A Chinese student challenged the Dalai Lama's version of conditions in Tibet, saying Thursday she has been there recently.
During a question-and-answer session at Miami University in southwest Ohio, 21-year-old Yue You told him she didn't see the oppression the exiled Tibetan spiritual leader has spoken out about.
"Tibet is peaceful," she said, adding that she saw people who seemed to be doing fine economically.
He responded by noting protests this week in western China by Tibetan students, reportedly over unconfirmed plans to use the Chinese language exclusively in their schools.
"These (demonstrations) do not come from happiness," the Dalai Lama said. "Something is lacking ... some grievance there."
He told the engineering student that she "must investigate" what has happened in Tibet during the last 60 years — he fled in 1959 after the Chinese crushed an uprising — and its entire history.
"He didn't answer me," You told The Associated Press afterward. "I'm not the speaker for the Chinese government or anything, but I have a lot of questions for him."
The exchange came after the Dalai Lama got a firsthand look at Miami's efforts to use high-tech means to preserve ancient Tibetan culture, and before his sold-out appearance at Millett Hall. The school said about 10,500 people, nearly all of them students who paid $5 each, packed its basketball arena for the afternoon lecture on ethics.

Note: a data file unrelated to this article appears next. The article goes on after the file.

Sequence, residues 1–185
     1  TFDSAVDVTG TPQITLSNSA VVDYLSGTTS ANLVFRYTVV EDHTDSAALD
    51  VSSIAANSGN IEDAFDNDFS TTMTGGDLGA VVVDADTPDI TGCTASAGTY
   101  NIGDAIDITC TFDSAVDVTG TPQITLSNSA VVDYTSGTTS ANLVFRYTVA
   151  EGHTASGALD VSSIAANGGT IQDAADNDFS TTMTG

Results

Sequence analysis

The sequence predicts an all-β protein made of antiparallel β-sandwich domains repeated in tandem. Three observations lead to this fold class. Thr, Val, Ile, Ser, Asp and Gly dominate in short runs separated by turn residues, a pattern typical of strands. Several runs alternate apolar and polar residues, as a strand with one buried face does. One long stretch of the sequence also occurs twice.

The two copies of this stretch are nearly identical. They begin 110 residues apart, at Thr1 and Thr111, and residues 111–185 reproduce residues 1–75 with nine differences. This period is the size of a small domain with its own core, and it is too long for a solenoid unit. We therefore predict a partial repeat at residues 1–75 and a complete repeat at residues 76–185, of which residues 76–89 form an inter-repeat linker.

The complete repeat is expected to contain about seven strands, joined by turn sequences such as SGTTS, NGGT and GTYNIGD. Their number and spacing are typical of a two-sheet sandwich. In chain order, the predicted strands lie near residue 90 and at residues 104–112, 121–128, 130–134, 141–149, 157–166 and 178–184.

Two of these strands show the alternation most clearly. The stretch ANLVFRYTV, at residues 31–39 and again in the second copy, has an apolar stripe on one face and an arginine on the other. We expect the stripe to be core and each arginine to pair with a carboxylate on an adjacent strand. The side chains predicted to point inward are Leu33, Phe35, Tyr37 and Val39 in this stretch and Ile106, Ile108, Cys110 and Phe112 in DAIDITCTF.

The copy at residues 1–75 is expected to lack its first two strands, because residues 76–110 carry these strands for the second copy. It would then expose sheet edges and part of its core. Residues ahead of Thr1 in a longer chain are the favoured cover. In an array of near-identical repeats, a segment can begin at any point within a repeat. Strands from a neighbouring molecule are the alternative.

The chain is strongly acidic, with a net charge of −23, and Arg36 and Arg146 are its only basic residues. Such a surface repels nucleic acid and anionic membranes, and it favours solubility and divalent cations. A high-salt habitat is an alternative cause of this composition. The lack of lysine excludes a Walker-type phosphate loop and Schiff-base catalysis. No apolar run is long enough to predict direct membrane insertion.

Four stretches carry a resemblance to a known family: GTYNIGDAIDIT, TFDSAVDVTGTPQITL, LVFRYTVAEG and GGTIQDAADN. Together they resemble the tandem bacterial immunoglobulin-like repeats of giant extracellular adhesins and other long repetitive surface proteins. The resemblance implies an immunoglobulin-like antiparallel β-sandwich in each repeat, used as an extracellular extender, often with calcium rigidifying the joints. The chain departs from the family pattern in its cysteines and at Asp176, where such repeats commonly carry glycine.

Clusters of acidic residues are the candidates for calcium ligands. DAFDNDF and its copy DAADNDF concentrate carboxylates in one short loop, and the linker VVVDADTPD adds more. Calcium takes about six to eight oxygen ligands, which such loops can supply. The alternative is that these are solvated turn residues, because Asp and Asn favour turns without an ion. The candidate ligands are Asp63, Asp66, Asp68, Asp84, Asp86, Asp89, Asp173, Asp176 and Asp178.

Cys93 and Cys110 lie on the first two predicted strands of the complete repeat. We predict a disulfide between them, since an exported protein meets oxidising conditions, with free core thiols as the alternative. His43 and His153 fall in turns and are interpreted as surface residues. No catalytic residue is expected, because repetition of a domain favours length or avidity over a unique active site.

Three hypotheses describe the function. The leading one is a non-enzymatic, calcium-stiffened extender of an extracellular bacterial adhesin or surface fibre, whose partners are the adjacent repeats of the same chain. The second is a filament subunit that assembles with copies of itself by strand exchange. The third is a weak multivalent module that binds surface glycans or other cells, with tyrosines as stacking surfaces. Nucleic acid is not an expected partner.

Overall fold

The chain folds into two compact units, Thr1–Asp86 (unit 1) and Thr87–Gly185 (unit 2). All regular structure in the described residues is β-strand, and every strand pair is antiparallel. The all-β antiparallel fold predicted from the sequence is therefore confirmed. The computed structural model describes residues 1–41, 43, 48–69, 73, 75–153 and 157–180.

The southwest Ohio school has been digitalizing Tibetan language and documents while working with an institute of Buddhist studies in India, where the Dalai Lama lives in exile. He has decried what he sees as Chinese government efforts to erode Tibet's cultural identity.
Language lessons — with audio pronunciations — are available online through the program, as well as ancient documents. Students also created a virtual reality version of a mandala, a colorful symbolic map used for meditation, for the Dalai Lama to see with 3-D goggles.
"Very helpful," he said of Miami's preservation efforts. "We appreciate it."
He's hardly unaware of such technology — the Miami online program has a link to the Dalai Lama's Twitter social media account.
He also met members of the Miami Indian tribe, which once lived in the Oxford region. He tapped his fingers against his robe in time with their performance of a tribal song.
The school presented the Dalai Lama with an honorary doctorate on the second day of his first visit to Ohio in more than a decade. In Cincinnati on Wednesday, he received an award at a sold-out luncheon for promoting peace and freedom.